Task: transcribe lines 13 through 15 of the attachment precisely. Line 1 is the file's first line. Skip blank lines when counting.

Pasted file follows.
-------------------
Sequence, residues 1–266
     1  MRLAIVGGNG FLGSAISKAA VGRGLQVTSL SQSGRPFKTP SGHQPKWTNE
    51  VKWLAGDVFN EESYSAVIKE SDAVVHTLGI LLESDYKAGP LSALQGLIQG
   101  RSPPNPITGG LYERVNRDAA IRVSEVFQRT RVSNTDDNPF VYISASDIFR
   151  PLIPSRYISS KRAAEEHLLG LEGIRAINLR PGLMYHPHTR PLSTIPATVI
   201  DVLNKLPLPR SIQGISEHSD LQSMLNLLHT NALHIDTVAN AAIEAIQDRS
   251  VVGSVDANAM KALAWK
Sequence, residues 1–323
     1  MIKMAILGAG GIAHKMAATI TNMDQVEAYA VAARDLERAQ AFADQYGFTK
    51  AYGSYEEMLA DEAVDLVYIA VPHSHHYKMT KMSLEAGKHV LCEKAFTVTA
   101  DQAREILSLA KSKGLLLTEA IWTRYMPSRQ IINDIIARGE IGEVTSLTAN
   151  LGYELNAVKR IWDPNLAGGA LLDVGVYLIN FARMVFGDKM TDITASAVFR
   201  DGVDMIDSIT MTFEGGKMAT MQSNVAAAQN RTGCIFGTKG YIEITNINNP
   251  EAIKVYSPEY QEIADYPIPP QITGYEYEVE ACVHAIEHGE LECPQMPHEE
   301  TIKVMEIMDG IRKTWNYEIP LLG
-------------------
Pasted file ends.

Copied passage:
   201  DGVDMIDSIT MTFEGGKMAT MQSNVAAAQN RTGCIFGTKG YIEITNINNP
   251  EAIKVYSPEY QEIADYPIPP QITGYEYEVE ACVHAIEHGE LECPQMPHEE
   301  TIKVMEIMDG IRKTWNYEIP LLG